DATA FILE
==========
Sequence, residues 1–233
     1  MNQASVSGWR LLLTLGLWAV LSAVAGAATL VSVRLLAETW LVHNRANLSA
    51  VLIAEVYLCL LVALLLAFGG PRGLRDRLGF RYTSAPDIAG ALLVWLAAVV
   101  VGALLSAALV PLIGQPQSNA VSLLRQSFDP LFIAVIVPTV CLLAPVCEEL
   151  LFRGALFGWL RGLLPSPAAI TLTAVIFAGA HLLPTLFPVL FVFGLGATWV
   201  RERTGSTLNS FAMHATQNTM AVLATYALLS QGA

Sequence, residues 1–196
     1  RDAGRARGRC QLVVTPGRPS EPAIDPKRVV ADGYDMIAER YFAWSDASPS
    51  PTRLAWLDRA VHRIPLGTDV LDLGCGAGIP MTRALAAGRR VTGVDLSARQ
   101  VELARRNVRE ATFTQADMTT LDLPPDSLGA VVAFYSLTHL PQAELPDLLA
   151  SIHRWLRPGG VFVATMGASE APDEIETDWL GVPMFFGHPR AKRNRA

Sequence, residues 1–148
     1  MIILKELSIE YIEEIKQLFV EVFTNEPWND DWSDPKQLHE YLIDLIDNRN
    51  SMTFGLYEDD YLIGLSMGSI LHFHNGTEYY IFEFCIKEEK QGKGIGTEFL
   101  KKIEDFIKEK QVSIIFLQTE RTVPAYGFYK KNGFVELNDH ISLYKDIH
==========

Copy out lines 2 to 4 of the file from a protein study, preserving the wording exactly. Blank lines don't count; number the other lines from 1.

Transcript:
     1  MNQASVSGWR LLLTLGLWAV LSAVAGAATL VSVRLLAETW LVHNRANLSA
    51  VLIAEVYLCL LVALLLAFGG PRGLRDRLGF RYTSAPDIAG ALLVWLAAVV
   101  VGALLSAALV PLIGQPQSNA VSLLRQSFDP LFIAVIVPTV CLLAPVCEEL